The support group has your usual movie mix of comic relief characters (the ringleader is a born again buffoon), and tear-jerking extras who have to sell their pain quickly for ambience, before getting out of the way - “Step aside. Plot coming through!”. We quickly focus on two guys Hazel's age: Isaac (Nat Wolff) who is going blind and his best friend Gus (Ansel Elgort) who lost his leg to the disease but is now cancer free. Gus always has a cigarette dangling from his lips which he never lights, his metaphor for acknowledging death’s presence but refusing to give it power or some such teenage profundity. (I lost my notes.)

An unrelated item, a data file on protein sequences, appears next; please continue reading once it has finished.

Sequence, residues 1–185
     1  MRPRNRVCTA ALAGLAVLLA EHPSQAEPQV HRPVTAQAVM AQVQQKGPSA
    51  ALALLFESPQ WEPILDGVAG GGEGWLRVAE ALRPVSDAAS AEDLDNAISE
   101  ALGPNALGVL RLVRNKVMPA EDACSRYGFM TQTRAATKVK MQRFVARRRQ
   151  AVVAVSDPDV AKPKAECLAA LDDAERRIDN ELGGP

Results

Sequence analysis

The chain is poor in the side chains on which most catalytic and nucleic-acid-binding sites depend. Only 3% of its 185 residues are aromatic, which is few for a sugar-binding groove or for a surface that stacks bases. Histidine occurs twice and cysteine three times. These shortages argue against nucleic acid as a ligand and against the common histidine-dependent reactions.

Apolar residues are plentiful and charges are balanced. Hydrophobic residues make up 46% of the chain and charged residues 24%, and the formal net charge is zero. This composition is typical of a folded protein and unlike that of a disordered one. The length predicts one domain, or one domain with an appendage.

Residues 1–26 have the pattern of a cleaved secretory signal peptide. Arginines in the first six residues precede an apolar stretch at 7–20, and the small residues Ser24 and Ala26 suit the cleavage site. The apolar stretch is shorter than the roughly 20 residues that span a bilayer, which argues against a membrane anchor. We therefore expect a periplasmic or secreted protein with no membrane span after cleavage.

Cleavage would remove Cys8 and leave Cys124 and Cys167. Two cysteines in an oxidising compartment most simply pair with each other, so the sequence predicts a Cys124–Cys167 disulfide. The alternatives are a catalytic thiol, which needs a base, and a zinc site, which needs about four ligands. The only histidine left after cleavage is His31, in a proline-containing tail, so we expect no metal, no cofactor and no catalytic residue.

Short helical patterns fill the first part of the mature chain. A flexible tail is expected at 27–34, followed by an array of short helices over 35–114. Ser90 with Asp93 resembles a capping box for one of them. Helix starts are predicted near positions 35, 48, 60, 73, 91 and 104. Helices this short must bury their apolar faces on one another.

Though Fault is not a romantic comedy, and the occasional laughs are of the gallows variety, Gus is basically the gender inverted version of the Manic Pixie Dreamgirl: adorable, impossible to believe as an actual human as opposed to a "character", but deliciously ALIVE and therefore able to jolt our unhappy protagonist awake for adventure… #YOLO.  Gus comes on strong. Very very strong, really, considering Ansel's charm offensive. He's so cocky, self-consciously "cool" and quick to make the moves on Hazel that a tossed-off confession later in the movie that he's a virgin rings suspicious when it's not meant to. I would say the actor is completely overdoing it but this overplaying does have a few benefits in the last act when things get dark. It wasn't until the movie ended that I realized he'd played Shailene's reserved brother in Divergent so he's got range at least. (When we return to that franchise with Insurgent next year will it suddenly be burdened with incestuous vibes?)